"The Laramie Project" is Philadelphia Theatre Company's last play of the season. Written by Moisés Kaufman and Members of the Tectonic Theater Project, it is a theatrical docudrama -- a piecing together of the killing of Matthew Shepard, a young, gay, college student -- and the reactions and revelations of the people within the small town where it took place.
In November of 1998, four weeks after this brutal hate crime took place, Tectonic Theater Project sent ten of its members to Laramie, Wyoming, to hold interviews that might become material for a play. The diversified members of the troupe heard a rich and varied collection of community voices. This started a year of trips for more interviews and workshops to organize, edit and dramatize the material. What emerged is the play, "The Laramie Project". Laid out in a traditional three act format, it is presented in a non-traditional way. Characters are introduced by other actors on stage and the versatile ensemble of eight actors play anywhere from six to nine roles a piece.
The story of Matthew's murder is told through the testimony and reactions of the people who last saw him: Matt Galloway, the bartender who saw Matthew leave the bar with his killers; Aaron Kreifels, the young boy who found Matthew brutally beaten and tied to a fence, left to die in the freezing cold; Reggie Fluty, the police woman who first gave Matthew aid and in doing so exposed herself to the Aids virus because his head and face were completely covered in blood: Father Roger, the Catholic priest who wanted to have a vigil for Matthew because it was the "correct" thing to do, regardless of his known homosexuality. We hear the words and thoughts of his friends, acquaintances, enemies and even his assailants. And from these pieces, a mosaic of who and what Matthew Shepard was is formed in the audience's minds. There is no character who actually portrays Matthew. He is left for us to create.
There are moments in this play which are enormously powerful and moving. For this is a story that needs to be and should be told. It is a story of our world, our country, our town, our times. But, though I think that this piece is a moving play and an important one -- to me it is not a great one. Quite frankly, I don't know if a docudrama can be a great play, as the playwright is limited by the truthful occurrence of events. To be true to the story is what's important here -- to tell it "correct" as Father Roger says in the play on more than one occasion. And in that respect, Moisés Kaufman and his company have truly triumphed. For they tell all the story from many sides and viewpoints. There is no sensationalist slant, no particular propensity for the "gay" angle. There is simply the story reported as people saw it, lived it, felt it.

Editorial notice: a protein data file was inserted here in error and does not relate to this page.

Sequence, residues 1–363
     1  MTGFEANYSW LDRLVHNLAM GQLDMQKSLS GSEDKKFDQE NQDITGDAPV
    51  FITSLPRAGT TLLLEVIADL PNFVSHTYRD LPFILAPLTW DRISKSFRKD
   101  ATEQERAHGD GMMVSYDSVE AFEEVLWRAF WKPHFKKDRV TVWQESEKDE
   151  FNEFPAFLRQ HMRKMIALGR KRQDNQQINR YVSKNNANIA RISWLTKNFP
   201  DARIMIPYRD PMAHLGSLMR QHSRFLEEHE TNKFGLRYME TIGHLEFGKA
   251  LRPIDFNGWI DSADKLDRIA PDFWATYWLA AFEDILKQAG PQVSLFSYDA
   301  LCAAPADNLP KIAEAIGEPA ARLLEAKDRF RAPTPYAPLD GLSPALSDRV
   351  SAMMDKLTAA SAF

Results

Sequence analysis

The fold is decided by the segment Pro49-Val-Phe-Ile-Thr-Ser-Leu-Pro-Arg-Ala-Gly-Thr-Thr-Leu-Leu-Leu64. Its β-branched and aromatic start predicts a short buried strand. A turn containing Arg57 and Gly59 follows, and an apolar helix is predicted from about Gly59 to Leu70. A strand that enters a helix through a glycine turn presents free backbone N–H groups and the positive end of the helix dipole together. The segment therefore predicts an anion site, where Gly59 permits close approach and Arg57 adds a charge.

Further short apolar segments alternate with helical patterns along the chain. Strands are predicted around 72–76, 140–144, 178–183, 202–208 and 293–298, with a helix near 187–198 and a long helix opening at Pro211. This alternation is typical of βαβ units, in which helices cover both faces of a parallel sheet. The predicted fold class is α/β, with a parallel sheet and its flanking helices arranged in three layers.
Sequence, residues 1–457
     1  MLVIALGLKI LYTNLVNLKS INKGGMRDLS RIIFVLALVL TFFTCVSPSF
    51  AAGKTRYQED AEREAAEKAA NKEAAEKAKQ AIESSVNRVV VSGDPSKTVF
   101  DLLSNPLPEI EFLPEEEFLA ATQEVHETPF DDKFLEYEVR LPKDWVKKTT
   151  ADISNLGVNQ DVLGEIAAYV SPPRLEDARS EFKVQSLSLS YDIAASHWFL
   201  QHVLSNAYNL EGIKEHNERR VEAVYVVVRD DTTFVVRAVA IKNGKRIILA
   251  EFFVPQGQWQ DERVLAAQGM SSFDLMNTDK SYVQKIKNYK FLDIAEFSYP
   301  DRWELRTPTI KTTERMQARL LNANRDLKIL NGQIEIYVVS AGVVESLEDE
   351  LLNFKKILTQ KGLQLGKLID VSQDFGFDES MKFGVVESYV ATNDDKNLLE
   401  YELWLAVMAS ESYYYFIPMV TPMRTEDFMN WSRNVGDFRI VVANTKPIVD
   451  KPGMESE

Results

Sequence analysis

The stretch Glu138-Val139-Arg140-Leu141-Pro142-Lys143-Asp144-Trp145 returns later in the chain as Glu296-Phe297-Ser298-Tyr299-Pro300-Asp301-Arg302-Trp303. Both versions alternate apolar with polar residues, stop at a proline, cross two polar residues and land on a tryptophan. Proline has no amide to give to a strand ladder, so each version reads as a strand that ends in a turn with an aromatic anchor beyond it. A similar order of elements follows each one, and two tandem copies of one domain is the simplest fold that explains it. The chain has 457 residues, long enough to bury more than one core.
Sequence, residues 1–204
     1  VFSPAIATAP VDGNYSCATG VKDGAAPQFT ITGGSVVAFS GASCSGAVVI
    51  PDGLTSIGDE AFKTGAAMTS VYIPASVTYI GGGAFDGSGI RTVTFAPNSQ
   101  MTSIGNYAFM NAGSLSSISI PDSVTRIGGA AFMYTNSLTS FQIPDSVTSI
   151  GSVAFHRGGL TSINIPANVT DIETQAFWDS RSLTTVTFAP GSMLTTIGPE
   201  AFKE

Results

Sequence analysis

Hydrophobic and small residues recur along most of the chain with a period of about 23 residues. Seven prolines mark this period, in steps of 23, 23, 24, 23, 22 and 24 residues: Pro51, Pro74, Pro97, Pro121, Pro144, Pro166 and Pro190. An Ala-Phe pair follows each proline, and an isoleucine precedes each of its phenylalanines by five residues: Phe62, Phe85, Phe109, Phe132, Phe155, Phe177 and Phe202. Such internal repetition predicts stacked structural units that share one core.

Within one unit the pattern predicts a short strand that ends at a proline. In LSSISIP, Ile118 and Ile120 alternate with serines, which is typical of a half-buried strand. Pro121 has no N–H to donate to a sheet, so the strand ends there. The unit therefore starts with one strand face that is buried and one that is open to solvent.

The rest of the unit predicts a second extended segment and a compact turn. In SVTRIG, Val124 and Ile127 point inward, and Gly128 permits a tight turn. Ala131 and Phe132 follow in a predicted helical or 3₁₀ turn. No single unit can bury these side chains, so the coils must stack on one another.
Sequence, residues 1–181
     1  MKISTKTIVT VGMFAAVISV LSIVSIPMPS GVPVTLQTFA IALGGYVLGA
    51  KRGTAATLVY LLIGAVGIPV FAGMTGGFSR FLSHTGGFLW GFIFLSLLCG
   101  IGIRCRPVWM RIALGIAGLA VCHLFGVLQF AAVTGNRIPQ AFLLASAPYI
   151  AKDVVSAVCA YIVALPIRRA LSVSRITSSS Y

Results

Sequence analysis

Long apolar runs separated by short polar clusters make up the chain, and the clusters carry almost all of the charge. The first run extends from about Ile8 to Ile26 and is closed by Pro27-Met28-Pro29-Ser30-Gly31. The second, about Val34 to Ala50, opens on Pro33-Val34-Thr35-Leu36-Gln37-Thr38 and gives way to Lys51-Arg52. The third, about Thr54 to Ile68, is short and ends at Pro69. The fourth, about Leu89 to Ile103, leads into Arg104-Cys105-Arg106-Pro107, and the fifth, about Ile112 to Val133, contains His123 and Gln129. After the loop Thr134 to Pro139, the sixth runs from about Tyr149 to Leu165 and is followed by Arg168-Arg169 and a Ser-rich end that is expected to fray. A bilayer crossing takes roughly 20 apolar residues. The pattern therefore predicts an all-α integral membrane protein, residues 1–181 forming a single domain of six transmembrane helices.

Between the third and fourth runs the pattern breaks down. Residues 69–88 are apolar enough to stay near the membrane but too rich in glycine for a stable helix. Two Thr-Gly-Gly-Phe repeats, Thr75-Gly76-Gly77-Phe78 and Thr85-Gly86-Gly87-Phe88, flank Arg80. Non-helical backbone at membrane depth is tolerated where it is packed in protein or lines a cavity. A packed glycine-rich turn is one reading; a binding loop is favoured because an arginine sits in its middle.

But in not taking a specific viewpoint, and in trying not to be sensationalist, the play never seems to build to a climax. The authors never take us to the fence when Matthew is there. They never re-enact the events leading up to the murder or even the moment of heartbreak -- when Matthew unwittingly leaves with his two murderers. Because this event really happened they choose not to be brutal, graphic or frightening. They choose instead to focus on how Matthew's death has made people more aware of the danger of hate crimes -- how Matthew's death has brought the town of Laramie together. And what they have created is a beautiful tribute to a young man who died much too soon, but who will not be forgotten.
Though it may be lacking in structure there are moments of catharsis throughout this piece, small moments of simple truth that will catch at your heart. And this particular production is wonderfully acted by the entire cast and sensitively directed by James J. Christy. The acting is very low key, very naturalistic, very reality driven. It's as if we were watching all these people on TV. And in point of fact, we probably were.
Though "The Laramie Project" may not be a great play, it still may be viewed as great theater and very worthy of viewing. For it tells a story, a true story, that touches each one of us in a different way. And, hopefully, we can all leave the theater having learned something about this complex world in which we live.Return to Home Page